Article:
This Is AuburnElectronic Theses and Dissertations

Anthropogenic and Climate Impacts on Groundwater Resources in the Lower Apalachicola-Chattahoochee-Flint River Basin




Mitra, Subhasis

Type of Degree



Biosystems Engineering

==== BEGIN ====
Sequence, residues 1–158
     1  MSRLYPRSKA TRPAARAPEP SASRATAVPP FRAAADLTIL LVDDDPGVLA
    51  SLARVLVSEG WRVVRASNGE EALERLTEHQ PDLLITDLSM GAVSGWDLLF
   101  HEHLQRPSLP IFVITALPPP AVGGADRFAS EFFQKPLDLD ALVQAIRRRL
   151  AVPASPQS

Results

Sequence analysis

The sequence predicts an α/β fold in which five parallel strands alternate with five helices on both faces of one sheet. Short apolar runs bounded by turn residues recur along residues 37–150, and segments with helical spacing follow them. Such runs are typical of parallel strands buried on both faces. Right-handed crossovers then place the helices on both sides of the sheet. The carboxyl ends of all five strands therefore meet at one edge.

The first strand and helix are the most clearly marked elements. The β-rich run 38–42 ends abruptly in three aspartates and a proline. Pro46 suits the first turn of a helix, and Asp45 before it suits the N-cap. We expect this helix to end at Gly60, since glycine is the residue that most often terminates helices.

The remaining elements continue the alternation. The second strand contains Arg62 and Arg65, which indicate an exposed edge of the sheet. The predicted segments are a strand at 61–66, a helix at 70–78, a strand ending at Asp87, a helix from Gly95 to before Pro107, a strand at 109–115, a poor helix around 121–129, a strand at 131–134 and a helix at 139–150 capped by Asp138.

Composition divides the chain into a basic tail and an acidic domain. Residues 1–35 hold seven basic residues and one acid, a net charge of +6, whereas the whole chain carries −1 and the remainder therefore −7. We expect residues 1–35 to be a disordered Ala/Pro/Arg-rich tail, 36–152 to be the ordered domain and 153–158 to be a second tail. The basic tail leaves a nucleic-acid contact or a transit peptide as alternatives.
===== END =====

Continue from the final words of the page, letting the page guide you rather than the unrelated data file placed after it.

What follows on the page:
El Niño Southern Oscillation (ENSO) is one of the major climate variability cycles around the world and is responsible for droughts in the Southeast United States. These ENSO-induced droughts have been responsible for agricultural losses, water disputes and promotion of water restrictions in the Southeast. In the Apalachicola- Chattahoochee-Flint (ACF) River Basin, in addition to drought, rapid population growth, urban sprawl, and increased agricultural production are threatening the availability of freshwater resources and causing endangered species concerns. As a result, Alabama, Georgia, and Florida have been fighting over the allocation of ACF River Basin water for the past two decades. The water conflict heats up every time there is drought in the basin. This research was conducted to study the effects of ENSO-induced droughts and irrigation pumpage on groundwater levels and groundwater budget components of the Upper Floridan Aquifer (UFA) in the lower ACF River Basin. Results indicate that ENSO exhibits teleconnection with groundwater levels in the UFA. The teleconnection was more prominent during the winter season. The study also found that prolonged droughts severely affect groundwater levels and the groundwater recovery periods can be as much as 2 years. The groundwater model, MODular Finite-Element Model (MODFE), was used to study the effect of irrigation water withdrawal during droughts years of 2010 – 2012. The results showed that groundwater levels and stream-aquifer flux are affected by irrigation water withdrawal. Most of the irrigation water pumped is contributed by loss in aquifer storage and losses in stream-aquifer flux. The results also showed that irrigation during the year 2012 resulted in groundwater levels to fall by as much as 6 ft, and in areas with endangered species concerns. Finally, MODFE was also used to study the effect of possible future increased irrigation levels on groundwater levels and stream-aquifer flux in the study area during the drought water year of 2012. The effect of application of irrigation restrictions in vulnerable regions was also studied. Results showed that elevated irrigation levels severely affect groundwater levels in the vulnerable regions. Doubling of irrigation resulted in as much as 11 ft decline in groundwater levels in the Spring Creek subwatershed. Additionally, the study also found that irrigation water-withdrawal exhibits a linear relationship with stream-aquifer flux in the study area.